People around the world tuned into Saturday Night Live last weekend to see if Elon Musk would talk about Dogecoin.
And if a single sentence could sum up how weird the world we live in today is, it would probably be the one you just read.
But to be fair to all the Dogecoin and Musk fans across the world, what they’re doing isn’t so unusual.
Lots of traders spend their days on the lookout for similar buy and sell signals.
In the past couple of weeks we’ve seen movements in the stock and foreign exchange markets off the back of US jobs data and comments from Treasury secretary Janet Yellen.
Obviously these two things are not the same.
Yellen has huge influence on US economic policies and jobs data can be a useful indicator of how well a country’s economy is performing.
Dogecoin appears to be a get rich quick scheme, with a mixture of pandemic boredom, meme culture and greater fool theory all blending together to push up its price.
The similarity lies in the fact there are people out there hoping these bits of information will cause price movements they can take advantage of.
Serious traders may not like the comparison but ultimately both they and the Dogecoin fans are just trying to make money.
The question is whether or not it’s actually an efficient way of doing that.
Many people were expecting Musk to pump Dogecoin when he appeared on TV, which he kind of did. But the price dropped massively anyway.
That points to how hard it is to anticipate what effect these signals will actually have on the asset or market you’re trading in.
For instance, if I told you a group of people had just stormed the Capitol Building in Washington, which is not so different to Parliament in London, would you think the markets would go on to finish that day at a record high?
If you’re honest with yourself, probably not. But that’s exactly what happened at the start of this year when protestors stormed the building.
The main reason that occurred was because there was no meaningful connection between the stock market and the protest.
That’s true of lots of data points we see plastered across the press and social media.
Central bank speeches are a good example of this. They occur with great regularity but rarely contain anything of meaningful value.
Take this gem of a quote from former Federal Reserve Chairman Alan Greenspan.
“I know you think you understand what you thought I said but I'm not sure you realise that what you heard is not what I meant.” Try factoring that into your investment strategy.
And yet so many people in financial markets cling to pronouncements like these as though it were Moses speaking to them from the base of Mount Sinai.
Last week’s comments by Yellen or the subsequent jobs data, both of which were pumped up in the press, were similar examples.
Imagine you’re a shareholder in Facebook, Shell or Nikola. Was there really anything in Yellen’s comments or the jobs data that would change your long-term outlook for those companies?
Probably not. If I was a Nikola shareholder I’d be more interested in whether or not the company will start selling cars at some point, as opposed to what Janet Yellen thinks about the Federal Reserve’s interest rates.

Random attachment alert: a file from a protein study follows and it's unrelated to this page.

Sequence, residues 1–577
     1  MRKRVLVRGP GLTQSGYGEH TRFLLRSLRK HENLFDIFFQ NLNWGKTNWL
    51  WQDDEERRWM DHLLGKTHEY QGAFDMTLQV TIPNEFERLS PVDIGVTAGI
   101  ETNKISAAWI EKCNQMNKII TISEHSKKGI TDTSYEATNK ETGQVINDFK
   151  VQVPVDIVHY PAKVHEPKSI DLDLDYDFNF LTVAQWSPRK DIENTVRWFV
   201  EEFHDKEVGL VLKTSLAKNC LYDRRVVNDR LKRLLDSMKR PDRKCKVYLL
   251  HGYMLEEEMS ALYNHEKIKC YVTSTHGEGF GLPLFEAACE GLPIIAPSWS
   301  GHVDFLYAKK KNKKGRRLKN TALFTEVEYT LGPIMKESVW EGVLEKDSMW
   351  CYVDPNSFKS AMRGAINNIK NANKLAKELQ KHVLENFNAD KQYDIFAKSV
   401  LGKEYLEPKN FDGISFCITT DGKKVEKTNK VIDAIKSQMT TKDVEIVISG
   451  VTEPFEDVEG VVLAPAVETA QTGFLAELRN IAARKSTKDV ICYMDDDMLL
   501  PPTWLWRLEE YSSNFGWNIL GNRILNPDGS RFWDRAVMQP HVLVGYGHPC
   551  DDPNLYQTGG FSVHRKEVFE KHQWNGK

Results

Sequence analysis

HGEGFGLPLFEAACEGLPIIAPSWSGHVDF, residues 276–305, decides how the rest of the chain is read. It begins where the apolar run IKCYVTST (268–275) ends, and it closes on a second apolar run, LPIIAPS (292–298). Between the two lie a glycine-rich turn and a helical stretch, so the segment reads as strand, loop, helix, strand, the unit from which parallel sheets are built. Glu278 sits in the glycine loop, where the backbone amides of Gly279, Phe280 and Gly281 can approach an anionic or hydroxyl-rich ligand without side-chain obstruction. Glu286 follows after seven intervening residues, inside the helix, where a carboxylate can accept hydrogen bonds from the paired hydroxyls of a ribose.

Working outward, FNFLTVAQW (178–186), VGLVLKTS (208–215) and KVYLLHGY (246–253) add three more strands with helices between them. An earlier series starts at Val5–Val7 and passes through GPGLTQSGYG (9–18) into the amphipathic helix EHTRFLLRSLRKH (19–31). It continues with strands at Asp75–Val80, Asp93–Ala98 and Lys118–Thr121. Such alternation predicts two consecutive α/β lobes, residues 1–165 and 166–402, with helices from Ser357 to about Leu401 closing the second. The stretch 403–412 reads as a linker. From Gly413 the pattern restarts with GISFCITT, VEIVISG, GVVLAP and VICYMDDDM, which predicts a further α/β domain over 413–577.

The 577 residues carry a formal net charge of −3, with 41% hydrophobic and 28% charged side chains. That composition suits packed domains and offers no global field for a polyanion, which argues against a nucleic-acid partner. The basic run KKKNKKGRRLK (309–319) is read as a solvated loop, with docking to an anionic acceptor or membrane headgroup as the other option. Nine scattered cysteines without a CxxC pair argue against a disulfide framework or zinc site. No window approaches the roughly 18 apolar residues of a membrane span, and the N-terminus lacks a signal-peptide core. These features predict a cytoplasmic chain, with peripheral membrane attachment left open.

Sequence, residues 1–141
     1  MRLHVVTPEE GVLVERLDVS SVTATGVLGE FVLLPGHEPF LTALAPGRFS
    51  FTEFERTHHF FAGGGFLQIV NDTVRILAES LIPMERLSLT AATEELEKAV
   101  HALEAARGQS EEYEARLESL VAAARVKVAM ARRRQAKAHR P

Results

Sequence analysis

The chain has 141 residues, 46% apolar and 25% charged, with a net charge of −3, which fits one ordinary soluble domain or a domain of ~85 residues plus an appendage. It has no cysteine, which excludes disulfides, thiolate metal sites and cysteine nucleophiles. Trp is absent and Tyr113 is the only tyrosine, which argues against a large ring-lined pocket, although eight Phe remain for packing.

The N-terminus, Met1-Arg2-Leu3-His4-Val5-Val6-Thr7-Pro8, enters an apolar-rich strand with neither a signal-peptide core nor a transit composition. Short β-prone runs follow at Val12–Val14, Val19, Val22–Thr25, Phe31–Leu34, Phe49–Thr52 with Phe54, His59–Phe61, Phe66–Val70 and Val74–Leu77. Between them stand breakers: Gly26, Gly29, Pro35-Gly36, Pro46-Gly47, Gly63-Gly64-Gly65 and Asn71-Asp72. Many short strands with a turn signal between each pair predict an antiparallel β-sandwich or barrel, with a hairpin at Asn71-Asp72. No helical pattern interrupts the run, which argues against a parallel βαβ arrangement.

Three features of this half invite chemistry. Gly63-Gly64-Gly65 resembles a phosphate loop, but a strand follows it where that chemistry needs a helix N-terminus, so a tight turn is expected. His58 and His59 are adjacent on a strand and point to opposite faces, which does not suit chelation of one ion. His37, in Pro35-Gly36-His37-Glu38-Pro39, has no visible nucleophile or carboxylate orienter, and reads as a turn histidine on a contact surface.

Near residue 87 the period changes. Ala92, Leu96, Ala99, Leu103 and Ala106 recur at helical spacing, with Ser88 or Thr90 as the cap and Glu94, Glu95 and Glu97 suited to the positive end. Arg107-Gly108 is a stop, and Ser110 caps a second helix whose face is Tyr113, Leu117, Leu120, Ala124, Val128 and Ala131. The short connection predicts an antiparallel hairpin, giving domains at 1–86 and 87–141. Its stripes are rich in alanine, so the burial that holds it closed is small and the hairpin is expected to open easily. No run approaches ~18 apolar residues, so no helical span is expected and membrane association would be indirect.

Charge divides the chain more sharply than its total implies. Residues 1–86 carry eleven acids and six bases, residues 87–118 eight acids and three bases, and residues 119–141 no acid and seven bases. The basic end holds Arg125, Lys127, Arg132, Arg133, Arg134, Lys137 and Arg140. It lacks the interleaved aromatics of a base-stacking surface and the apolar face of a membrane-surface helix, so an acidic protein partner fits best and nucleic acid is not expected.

That’s not to say you should totally ignore the macroeconomic picture a company operates in.
But attempting to trade on small economic indicators when they often have little to no relevance for company shares or even whole markets is almost guaranteed to be a waste of time and money.
Spending hours looking through these different data points and trading signals can also mean you forget what the best investors have usually done — made money by buying shares in good companies and holding them for a prolonged period of time.
This is quite different to what people trading based on snippets of data and press releases are attempting to do. They are essentially trying to anticipate how other people will respond to an event and capture a profit from the resulting market movements.
That’s not a totally irrational thing to do but as we’ve seen, it’s very hard to achieve. Not only that, but someone trying to do this is not investing in an attempt to take advantage of a company’s services or products but simply human behaviour.
This was on full display when Musk was on SNL. Dogecoin ‘investors’ were begging him to pump the coin, showing they don’t care about any fundamentals or intrinsic value, they just want more hype so more people will buy in and push the price up.
That might work in the short-term but it’s hardly going to bring you success over any length of time. Faced with a company that’s got low debt, strong operating profits and consistent revenue growth or an asset that goes up in value when Tesla’s CEO talks about it, which would you choose?
Tempting though it might be to trade in the latter, the odds are it’s not going to work in your favour.
It becomes even more dangerous when we start to pat ourselves on the back when prices go up, and scold the ‘mainstream market’ (whatever that means) when prices go down.
Humility and patience are virtues often skipped by overzealous traders. But they are the bread and butter of the conscientious long-term investor.
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